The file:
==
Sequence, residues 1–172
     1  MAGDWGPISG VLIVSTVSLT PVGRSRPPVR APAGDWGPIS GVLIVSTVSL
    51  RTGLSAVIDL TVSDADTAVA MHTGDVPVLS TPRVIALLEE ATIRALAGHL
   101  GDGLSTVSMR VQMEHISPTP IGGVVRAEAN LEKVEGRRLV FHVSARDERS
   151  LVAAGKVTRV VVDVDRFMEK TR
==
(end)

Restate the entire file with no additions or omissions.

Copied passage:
Sequence, residues 1–172
     1  MAGDWGPISG VLIVSTVSLT PVGRSRPPVR APAGDWGPIS GVLIVSTVSL
    51  RTGLSAVIDL TVSDADTAVA MHTGDVPVLS TPRVIALLEE ATIRALAGHL
   101  GDGLSTVSMR VQMEHISPTP IGGVVRAEAN LEKVEGRRLV FHVSARDERS
   151  LVAAGKVTRV VVDVDRFMEK TR